Confessions Of A Pack Rat (aka My Document Retention Policy)
I keep everything that might ever be valuable and I hate to throw stuff out. It drives the Gotham Gal nuts. On most things, she wins. But when it comes to my office and my stuff, I win. It stays.
Yesterday my friend and former colleague Dan Malven sent me an email looking for the investment memo we wrote at Flatiron recommending our initial investment in Sina.com in the winter of 1998/1999. Apparently Kellogg business school is doing a case study on that investment, as well they should. It was one of our really good investments at Flatiron.
I went to spotlight, typed sina and about six documents came up, including several drafts of the investment memo, the cap table, and a few other related documents. I put them in a folder, compressed them up, and sent them off to Dan and Kellogg. And I felt great. That's a little bit of history there, preserved by yours truly.
People are surprised that I save every important document and email. It goes against popular wisdom that you should shred, delete, and otherwise destroy documents so they can't be used against you in court.
Well I've been sued a few times and deposed a few more times. I've had to submit my relevent documents in discovery a bunch of times. And I've never been hurt by it. And in several instances, our case was helped dramatically by it.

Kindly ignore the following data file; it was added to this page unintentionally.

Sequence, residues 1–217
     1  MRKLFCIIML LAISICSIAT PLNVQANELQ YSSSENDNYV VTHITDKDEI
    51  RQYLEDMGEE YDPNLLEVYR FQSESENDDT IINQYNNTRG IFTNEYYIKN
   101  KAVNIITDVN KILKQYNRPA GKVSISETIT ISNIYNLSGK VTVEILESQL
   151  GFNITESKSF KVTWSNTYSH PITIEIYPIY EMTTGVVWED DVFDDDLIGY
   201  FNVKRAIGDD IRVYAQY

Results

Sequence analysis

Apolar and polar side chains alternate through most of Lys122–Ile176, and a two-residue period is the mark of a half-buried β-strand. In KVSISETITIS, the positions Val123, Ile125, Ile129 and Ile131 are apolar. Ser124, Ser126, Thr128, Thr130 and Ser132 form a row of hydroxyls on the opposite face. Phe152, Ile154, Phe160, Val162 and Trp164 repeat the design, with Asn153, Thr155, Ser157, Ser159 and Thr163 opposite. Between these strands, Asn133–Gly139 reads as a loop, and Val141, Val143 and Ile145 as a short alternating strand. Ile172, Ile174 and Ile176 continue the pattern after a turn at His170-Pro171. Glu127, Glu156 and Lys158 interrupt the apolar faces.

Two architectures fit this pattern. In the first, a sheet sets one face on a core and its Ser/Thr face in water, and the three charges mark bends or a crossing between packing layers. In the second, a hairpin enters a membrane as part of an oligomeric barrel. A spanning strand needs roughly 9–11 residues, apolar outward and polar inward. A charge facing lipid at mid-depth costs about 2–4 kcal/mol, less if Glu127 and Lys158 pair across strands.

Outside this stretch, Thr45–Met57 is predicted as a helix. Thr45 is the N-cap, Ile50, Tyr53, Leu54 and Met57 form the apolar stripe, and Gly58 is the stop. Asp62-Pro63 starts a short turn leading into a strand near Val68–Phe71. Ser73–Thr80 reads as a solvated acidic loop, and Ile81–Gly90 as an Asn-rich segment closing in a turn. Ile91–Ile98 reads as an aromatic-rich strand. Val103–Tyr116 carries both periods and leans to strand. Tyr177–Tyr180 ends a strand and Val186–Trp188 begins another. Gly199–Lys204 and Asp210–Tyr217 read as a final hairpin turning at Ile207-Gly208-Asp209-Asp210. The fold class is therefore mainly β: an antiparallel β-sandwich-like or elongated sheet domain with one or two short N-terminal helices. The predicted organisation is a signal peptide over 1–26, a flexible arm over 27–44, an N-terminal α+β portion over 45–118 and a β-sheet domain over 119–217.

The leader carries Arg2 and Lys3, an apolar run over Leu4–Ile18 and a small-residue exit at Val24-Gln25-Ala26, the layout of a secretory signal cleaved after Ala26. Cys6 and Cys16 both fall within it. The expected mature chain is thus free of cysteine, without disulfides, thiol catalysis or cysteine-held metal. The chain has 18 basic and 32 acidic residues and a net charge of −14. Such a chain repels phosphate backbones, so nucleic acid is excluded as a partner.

Here's my thinking. If you are a bad person who does bad things to people, then by all means destroy the evidence before someone can get at it. But if you try to be a good person and do the right thing, then you should be saving the evidence so when someone tries to paint you as a bad person, you can pull out the email or document and wave it in their face and remind them who did what to whom.
I know that sounds terribly arrogant, self righteous and naive and it is at some level. Wrong and right aren't always so clear cut and sometimes an email can be read in a different light years later.
I take things like fiduciary responsibility and contractual agreements very seriously and try very hard to do the right thing and treat people well and fairly. There are people out there who will try to screw you over and paint you as the bad guy anyway. Having the smoking gun pays dividends big time and it would really suck if you shredded it or deleted it because of some stupid document retention policy.
I hope and expect this post will get some good debate and discussion. And I particularly hope the lawyers in the community stop by and weigh in. It's a worthwhile conversation to be having.